This report provides a detailed review of the literature on Paulownia research across the world. The main objective of this report was to assess the potential of Paulownia as a novel biomass crop for Northern Ireland, based on previous work in this area. Paulownia trees originate from China and are also grown throughout Asia, USA, Australia and Europe. Although a number of Paulownia species exist, only the ornamental species Paulownia tomentosa is currently grown in the UK. With optimal conditions in terms of light and moisture, Paulownia is reported to be one of the fastest growing trees in the world. The trees can be damaged by frost and require a sheltered place for growth.
Paulownia timber has many uses, including timber for construction, doors, furniture, kitchens etc. The deep rooting system of Paulownia in combination with the rapid rate of growth enables it to take up more nutrients than other species and may therefore offer potential for bioremediation purposes. Paulownia leaves can be used for animal feed and honey is made from the bright colourful flowers in China.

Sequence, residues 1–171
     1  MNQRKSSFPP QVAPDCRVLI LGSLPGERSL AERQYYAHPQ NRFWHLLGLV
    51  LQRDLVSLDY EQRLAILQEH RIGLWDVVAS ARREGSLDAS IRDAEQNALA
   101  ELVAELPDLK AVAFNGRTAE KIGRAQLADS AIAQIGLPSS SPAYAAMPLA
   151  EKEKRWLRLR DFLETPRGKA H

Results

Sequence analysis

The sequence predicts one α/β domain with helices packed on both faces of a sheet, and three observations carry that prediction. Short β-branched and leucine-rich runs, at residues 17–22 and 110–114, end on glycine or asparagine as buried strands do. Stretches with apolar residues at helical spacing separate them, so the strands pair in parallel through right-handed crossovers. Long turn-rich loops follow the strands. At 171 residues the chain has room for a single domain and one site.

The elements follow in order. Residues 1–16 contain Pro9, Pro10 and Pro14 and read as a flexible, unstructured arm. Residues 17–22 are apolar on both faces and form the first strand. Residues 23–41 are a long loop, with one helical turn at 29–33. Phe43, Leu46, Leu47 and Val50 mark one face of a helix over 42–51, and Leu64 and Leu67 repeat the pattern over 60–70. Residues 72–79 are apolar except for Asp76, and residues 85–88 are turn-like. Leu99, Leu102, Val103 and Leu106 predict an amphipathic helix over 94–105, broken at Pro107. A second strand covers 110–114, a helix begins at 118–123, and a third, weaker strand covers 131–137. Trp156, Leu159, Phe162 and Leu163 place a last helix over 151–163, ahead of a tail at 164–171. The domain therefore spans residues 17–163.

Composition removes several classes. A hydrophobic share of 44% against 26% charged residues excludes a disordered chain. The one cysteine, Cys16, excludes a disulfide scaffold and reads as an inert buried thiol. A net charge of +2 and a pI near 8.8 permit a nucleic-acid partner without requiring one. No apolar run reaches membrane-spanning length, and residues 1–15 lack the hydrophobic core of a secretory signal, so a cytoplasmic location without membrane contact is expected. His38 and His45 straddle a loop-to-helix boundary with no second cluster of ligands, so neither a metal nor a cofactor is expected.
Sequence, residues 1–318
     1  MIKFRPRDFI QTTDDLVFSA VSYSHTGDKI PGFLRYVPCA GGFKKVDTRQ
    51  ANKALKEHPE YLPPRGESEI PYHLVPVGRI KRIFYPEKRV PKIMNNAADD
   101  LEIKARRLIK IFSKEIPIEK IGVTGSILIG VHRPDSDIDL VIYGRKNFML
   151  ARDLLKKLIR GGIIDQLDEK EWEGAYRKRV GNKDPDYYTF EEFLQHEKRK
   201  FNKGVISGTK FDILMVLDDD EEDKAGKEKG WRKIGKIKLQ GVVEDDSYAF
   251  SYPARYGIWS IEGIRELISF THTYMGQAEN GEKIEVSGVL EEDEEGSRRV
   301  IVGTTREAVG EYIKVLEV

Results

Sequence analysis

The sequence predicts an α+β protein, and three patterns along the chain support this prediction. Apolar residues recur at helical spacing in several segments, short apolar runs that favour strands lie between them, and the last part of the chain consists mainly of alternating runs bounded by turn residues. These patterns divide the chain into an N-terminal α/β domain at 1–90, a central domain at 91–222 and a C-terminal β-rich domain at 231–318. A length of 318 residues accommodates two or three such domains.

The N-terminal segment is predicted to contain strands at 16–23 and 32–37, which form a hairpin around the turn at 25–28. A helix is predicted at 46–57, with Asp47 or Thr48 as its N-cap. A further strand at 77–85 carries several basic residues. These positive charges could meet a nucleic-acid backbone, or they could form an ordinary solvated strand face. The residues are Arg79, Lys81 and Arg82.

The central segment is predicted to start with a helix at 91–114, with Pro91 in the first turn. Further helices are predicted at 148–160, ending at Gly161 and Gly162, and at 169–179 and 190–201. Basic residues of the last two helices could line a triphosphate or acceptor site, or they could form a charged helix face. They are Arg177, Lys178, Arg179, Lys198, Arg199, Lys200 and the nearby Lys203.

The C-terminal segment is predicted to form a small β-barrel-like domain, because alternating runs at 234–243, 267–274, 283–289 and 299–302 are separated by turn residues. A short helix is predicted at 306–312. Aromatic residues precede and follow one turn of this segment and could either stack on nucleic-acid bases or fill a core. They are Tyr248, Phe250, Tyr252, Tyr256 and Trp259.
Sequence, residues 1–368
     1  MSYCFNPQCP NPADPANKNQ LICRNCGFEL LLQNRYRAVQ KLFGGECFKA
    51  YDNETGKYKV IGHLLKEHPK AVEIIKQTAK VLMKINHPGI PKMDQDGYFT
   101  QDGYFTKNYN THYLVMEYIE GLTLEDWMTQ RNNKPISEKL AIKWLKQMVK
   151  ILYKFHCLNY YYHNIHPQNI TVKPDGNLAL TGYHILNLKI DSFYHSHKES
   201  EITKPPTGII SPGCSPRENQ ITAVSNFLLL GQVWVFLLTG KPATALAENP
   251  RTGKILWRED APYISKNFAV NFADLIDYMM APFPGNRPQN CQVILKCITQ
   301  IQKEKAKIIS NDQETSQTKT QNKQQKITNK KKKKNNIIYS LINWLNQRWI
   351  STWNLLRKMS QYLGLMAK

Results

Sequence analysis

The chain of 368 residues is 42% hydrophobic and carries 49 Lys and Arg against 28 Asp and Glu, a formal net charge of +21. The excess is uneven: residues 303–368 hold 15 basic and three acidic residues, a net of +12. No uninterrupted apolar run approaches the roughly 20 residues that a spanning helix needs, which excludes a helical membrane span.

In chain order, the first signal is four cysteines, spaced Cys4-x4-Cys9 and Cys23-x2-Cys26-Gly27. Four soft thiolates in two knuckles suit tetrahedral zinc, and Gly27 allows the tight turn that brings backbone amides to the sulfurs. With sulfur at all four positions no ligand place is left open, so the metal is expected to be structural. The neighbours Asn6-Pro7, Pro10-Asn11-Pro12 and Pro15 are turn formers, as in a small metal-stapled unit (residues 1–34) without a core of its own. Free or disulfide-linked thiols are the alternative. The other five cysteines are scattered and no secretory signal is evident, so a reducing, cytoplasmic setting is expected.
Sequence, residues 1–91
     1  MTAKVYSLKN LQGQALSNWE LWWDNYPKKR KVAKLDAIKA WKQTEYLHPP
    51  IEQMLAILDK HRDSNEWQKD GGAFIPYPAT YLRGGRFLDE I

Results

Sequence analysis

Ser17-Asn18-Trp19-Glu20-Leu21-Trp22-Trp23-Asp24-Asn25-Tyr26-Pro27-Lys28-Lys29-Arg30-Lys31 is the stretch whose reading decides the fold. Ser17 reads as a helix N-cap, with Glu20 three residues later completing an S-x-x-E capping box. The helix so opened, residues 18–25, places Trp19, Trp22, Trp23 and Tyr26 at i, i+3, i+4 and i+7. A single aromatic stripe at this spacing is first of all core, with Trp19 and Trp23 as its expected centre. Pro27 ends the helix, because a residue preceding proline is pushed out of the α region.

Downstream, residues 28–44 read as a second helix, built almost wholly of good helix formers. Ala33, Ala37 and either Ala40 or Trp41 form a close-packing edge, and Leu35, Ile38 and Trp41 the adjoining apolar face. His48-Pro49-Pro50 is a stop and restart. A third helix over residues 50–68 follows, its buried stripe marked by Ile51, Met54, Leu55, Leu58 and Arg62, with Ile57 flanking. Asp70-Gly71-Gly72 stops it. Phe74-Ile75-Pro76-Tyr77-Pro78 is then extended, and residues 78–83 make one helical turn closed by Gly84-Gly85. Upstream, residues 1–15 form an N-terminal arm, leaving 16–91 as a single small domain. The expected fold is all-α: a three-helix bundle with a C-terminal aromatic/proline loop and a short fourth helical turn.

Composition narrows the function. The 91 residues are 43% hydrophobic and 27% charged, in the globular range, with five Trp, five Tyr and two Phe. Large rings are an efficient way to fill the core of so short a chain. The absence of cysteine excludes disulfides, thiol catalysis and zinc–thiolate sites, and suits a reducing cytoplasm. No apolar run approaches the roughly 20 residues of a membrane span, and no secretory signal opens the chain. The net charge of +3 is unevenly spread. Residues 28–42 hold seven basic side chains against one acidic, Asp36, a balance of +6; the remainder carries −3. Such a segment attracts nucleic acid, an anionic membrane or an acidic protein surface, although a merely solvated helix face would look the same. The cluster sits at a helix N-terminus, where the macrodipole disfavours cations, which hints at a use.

Intercropping with wheat is common practice in China, where it is important to utilise the ground for food production in addition to lumber purposes. There is little competition for nutrients between Paulownia and wheat in an intercropping system, whereas the converse applies to Paulownia-maize intercropping. Recent studies have acknowledged the possibility of Paulownia-switch grass intercropping, both being renewable energy resources.
Because of the high cellulose content of Paulownia, cellulosic ethanol can be produced as a renewable energy fuel. Cellulosic ethanol is reported to have much reduced greenhouse gas emissions when compared to ethanol produced via a sugar/starch-based fermentation.
Interest in Paulownia is gaining momentum around the world, due to its fast growing nature, the ability to take up nutrients and the potential for intercropping. Along with this, Paulownia may offer the possibility of producing home-grown timber, reducing the requirement for importation of timber into the UK, which is common practice. Considering that the majority of woody biomass in Northern Ireland comes from the growing of willow, Paulownia may also offer potential as a novel source of biomass in Northern Ireland. The fast-drying nature of the wood by natural methods (air drying) is interesting, considering the considerable energy requirements for willow drying. There are currently no Paulownia trees growing in Northern Ireland and they may offer potential for biomass and bioremediation purposes. It may also be worthwhile examining the potential of the leaves for fodder purposes.